We had never met.
This little boy had seen our picture—and we had seen his.
And yet there we were, standing in a government office in Hunan Province, being united forever as a family.
John and I were nervous and excited and in awe. I can’t tell you how Leo felt. I just know that four years ago when we met him, our new son stood there, hiding his face behind one hand as he tried to take us in.
He was the most beautiful child I had ever seen, and I could hardly believe I would get to take him into my arms and heart and home—forever.
Yet there we were, surveying each other, communicating with few words as tears ran down our faces and Leo tried to figure us out. There must have been other people in that room—including some of our best friends in the whole world—but in my memory of that moment, I am aware of only three of us.
I remember looking at our child, who had just turned 2, and then holding him. We offered him apple juice and a toy airplane. We admired him quietly and aloud, marveling at every detail—his hair, his eyes, his warmth, his size, his clothes, his little shoes.
He was perfect. And I remember hoping and praying that I would and could be a good enough mother to him. It’s an ongoing prayer.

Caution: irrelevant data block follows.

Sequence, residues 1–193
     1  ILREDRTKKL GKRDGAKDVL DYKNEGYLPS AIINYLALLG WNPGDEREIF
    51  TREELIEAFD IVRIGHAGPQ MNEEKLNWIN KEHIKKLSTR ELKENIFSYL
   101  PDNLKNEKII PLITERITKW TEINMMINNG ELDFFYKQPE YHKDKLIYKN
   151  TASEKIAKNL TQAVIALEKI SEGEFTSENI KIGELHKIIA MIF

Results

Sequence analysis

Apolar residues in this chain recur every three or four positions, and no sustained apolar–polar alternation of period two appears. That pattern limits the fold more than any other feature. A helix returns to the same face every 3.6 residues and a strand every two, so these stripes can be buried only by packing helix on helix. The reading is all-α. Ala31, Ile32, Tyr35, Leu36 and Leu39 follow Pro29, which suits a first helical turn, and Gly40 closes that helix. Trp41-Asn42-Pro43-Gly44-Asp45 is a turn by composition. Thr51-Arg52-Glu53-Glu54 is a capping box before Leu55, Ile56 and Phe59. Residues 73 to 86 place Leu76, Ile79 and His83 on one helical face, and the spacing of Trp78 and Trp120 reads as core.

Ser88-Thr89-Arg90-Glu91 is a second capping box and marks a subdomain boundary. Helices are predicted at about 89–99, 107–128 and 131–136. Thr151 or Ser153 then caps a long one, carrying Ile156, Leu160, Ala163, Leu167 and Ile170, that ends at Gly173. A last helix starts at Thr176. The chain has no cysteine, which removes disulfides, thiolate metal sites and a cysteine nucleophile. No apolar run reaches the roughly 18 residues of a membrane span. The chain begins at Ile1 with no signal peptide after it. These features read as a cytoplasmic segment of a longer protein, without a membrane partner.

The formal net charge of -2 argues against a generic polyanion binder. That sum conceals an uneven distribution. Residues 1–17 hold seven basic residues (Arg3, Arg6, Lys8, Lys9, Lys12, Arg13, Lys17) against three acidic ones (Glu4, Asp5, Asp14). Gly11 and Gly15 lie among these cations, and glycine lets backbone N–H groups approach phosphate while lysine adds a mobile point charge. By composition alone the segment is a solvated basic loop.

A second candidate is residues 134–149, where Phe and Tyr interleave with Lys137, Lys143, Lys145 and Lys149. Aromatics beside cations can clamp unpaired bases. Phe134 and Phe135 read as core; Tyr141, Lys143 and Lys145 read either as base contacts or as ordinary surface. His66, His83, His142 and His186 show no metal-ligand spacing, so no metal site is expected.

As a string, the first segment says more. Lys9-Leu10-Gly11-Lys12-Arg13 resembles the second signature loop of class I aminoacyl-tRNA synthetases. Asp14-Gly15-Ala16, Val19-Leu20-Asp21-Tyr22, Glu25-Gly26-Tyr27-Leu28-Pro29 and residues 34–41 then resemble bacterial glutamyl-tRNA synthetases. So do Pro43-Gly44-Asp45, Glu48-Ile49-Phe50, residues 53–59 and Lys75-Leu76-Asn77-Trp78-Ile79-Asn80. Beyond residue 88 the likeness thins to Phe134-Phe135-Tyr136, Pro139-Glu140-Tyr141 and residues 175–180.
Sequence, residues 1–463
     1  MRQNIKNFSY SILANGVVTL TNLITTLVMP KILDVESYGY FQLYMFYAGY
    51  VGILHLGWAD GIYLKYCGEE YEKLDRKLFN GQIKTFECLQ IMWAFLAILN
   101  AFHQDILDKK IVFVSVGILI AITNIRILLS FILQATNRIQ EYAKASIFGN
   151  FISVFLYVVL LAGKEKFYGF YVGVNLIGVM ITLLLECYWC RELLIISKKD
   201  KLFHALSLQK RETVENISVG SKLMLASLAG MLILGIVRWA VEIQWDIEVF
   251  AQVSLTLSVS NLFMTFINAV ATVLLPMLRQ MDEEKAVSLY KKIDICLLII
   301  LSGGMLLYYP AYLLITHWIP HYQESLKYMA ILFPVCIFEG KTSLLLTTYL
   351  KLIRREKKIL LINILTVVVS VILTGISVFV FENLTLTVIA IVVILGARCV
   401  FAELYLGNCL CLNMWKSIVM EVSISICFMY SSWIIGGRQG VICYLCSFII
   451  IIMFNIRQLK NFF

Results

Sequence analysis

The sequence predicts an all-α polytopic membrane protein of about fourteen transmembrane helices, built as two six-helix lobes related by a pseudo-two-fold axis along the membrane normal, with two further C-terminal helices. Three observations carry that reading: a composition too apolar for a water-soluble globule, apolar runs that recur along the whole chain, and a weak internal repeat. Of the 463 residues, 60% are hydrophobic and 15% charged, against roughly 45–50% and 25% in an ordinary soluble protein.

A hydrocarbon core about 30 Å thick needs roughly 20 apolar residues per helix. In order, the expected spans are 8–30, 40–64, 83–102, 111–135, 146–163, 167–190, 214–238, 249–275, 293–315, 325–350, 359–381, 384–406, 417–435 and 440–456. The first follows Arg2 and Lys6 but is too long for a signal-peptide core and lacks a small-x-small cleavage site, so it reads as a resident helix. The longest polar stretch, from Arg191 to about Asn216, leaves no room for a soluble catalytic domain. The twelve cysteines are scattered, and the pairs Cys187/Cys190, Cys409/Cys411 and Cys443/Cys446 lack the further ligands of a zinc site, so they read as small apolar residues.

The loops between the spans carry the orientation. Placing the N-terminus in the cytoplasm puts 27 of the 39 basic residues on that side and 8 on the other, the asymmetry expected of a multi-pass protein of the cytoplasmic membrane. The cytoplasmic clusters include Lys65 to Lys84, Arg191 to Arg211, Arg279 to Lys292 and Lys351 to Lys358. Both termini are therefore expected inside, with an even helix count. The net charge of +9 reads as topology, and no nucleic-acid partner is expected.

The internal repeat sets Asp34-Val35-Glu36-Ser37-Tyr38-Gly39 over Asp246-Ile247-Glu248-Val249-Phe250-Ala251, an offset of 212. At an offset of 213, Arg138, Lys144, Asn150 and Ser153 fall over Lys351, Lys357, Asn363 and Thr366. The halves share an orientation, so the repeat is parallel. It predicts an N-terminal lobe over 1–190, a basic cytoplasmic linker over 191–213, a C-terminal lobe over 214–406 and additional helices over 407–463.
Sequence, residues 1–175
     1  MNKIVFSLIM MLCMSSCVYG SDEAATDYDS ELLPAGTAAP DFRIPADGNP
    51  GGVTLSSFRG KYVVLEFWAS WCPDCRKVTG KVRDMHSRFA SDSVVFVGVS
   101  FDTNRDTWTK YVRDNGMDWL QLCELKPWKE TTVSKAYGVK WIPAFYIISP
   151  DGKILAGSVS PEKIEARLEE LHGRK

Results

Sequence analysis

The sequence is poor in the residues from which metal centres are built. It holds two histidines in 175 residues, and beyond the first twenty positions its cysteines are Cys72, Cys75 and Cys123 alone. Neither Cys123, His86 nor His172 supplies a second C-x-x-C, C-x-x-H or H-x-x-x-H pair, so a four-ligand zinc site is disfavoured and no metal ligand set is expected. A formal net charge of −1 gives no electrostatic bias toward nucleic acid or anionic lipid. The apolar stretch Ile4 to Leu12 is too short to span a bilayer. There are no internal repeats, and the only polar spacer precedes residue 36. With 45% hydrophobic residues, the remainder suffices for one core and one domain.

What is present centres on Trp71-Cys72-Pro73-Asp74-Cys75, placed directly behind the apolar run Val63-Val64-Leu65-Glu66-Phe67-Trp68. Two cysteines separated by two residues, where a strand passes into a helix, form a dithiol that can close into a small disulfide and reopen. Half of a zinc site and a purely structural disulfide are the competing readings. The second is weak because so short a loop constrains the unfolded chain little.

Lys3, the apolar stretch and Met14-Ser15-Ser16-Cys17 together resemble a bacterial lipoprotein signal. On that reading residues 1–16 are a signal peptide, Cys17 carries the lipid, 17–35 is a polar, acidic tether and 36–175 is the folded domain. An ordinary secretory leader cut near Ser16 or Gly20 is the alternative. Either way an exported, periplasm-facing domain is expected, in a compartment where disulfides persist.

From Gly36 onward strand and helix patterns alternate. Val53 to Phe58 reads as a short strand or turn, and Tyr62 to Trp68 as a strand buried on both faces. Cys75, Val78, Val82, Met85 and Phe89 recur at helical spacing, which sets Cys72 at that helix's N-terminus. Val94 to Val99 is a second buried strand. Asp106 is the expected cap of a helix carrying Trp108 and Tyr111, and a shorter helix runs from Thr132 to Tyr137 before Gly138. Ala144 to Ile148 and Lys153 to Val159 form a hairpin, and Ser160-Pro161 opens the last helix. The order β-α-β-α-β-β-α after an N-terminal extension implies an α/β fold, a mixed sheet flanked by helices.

We met Leo in December in China, and it was decorated for Christmas everywhere we went.
There were trees and lights and Santa Claus pictures taped up in windows. And the signs all said, “Merry Christmas.”
And so this time of year, when we celebrate Leo’s “Gotcha Day,” I can easily place myself back in China—back in that moment when we were new parents, a new family, and falling in love with our child more every day.
Those two weeks in China weren’t always easy. There were tears and challenges, of course. But there was also so much joy. When I look back on that trip, I think of it as a family honeymoon, a time for us to get to know one another—to discover as much as we could about our son, but also, for me, to encounter John as a marvelous new father.
We had never met this child before that day. But by the time we arrived home, it was almost impossible to believe we hadn’t known him forever.
You might also like to read last year’s post, Three Years Ago Today.